He had an ability to understand art and imitate it faithfully, tastefully, and thought he had precisely what was needed for an artist. After some hesitation about what kind of painting he would choose—religious, historical, genre, or realistic—he started to paint. He understood all kinds and could be inspired by one or another; but he did not imagine that one could be utterly ignorant of all the kinds of painting and be inspired directly by what was in one's soul, unconcerned whether what one painted belonged to any particular kind. Since he did not know that, and was inspired not directly by life but indirectly by life already embodied in art, he became inspired very quickly and easily, and arrived as quickly and easily at making what he painted look very much like the kind of art he wanted to imitate.

I often find myself, when I'm reading Tolstoy, in a mental zone that is somewhere between absorption and delight. A lot of what he writes is pleasing in multiple ways simultaneously. This passage, for example, is a gentle, good-humored (Tolstoy is unfailingly good-humored) satirical portrait, focusing in on one very specific aspect of Vronsky's character: his shallowness. His problem is not just that he's derivative; his problem is that can "not imagine that one could be... inspired directly by what was in one's soul." He's not only derivative, but it's also never occurred to him that he might in fact be so. In short, he doesn't know what he doesn't know.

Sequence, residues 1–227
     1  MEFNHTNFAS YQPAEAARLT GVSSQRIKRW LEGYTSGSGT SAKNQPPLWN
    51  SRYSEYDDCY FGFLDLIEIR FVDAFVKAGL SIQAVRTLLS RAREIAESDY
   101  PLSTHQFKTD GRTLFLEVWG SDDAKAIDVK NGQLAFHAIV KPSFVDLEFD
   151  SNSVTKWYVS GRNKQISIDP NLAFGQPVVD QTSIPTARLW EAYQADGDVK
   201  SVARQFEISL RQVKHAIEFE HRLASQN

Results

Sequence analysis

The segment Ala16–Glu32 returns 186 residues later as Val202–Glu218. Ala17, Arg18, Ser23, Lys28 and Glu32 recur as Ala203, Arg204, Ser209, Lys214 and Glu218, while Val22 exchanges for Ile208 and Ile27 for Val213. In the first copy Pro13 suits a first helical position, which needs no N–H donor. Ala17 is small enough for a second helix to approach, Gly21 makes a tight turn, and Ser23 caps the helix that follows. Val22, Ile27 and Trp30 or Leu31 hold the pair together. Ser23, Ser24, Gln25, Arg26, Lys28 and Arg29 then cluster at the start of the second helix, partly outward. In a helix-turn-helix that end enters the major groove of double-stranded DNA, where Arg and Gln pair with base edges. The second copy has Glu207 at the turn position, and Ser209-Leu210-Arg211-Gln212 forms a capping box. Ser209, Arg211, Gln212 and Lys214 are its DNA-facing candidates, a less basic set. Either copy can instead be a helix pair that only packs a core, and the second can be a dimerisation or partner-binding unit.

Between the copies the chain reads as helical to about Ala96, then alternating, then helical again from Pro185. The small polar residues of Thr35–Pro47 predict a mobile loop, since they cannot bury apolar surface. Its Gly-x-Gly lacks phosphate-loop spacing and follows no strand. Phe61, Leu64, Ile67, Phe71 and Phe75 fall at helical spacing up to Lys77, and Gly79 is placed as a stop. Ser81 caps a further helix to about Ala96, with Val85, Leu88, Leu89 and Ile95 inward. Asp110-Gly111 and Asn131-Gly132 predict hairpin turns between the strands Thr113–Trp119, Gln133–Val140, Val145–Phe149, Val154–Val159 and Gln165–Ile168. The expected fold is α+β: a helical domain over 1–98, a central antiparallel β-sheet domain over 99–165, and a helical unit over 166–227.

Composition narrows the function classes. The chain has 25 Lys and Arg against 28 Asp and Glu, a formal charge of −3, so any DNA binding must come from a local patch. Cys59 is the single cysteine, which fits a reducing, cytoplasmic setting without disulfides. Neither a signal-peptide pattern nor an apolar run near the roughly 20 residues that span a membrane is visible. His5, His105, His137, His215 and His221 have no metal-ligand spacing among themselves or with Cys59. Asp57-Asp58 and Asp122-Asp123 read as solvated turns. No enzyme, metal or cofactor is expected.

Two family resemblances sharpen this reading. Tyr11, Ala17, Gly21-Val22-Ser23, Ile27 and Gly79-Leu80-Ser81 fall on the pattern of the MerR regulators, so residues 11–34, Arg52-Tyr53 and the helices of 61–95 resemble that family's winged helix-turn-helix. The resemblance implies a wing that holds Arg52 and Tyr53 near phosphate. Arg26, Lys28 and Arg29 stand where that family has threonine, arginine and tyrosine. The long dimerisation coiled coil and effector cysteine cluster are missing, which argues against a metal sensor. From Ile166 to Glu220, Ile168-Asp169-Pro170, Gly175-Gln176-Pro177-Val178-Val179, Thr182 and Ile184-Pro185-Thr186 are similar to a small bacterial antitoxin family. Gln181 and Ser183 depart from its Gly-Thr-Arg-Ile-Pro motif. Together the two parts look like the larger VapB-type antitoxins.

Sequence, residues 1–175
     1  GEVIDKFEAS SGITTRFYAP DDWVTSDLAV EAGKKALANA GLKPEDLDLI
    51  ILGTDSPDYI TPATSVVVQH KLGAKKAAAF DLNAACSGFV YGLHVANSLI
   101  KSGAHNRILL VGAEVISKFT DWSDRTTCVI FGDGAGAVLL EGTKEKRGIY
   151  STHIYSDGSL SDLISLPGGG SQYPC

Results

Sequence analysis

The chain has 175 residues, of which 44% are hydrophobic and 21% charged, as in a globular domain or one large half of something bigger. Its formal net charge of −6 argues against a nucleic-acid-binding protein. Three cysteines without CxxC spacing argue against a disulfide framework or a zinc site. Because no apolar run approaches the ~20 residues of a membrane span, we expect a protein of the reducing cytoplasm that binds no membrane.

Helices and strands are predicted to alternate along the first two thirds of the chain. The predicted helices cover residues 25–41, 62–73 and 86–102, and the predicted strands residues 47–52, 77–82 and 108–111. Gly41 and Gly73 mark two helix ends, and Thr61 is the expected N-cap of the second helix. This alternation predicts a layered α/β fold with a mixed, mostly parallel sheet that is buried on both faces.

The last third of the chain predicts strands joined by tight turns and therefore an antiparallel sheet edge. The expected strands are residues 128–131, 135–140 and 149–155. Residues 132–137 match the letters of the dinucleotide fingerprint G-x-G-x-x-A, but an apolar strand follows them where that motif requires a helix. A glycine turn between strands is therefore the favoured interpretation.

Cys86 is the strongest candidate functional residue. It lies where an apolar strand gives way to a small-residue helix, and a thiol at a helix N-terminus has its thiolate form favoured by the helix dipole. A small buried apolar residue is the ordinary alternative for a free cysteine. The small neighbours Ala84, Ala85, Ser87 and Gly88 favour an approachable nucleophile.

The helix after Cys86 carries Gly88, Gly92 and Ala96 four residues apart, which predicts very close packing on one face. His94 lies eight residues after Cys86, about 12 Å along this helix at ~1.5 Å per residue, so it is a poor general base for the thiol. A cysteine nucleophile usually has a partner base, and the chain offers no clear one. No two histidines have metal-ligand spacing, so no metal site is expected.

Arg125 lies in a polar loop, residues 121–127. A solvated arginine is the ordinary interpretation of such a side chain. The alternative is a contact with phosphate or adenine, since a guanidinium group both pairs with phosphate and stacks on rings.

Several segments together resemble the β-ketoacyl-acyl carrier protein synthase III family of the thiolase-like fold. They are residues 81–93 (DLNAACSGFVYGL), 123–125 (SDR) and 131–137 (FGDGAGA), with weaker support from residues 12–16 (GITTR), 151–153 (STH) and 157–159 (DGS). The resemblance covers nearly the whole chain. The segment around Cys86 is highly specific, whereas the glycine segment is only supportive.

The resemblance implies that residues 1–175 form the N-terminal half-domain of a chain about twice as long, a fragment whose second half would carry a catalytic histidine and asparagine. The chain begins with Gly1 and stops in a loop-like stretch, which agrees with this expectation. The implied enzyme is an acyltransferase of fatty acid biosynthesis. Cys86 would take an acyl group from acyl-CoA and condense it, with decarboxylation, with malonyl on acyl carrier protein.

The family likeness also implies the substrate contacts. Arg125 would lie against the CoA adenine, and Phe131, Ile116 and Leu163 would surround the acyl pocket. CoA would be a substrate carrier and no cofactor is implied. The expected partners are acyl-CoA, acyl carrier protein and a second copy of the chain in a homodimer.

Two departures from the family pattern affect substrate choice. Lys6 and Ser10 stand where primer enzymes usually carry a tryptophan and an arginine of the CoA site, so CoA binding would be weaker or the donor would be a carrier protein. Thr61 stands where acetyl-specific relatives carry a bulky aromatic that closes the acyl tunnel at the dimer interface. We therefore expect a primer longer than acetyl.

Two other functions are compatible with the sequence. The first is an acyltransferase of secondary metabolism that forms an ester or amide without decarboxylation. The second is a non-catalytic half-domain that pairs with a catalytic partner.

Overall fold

Then there's pleasure to be taken in the architecture of the sentences themselves. The last sentence is set up as a kind of one-two punch, and the (second) punch line succeeded in making me laugh out loud the first time I read it, and again each time I read it. It's very artfully done: rhythmical and fluid and emphatic and, well, funny.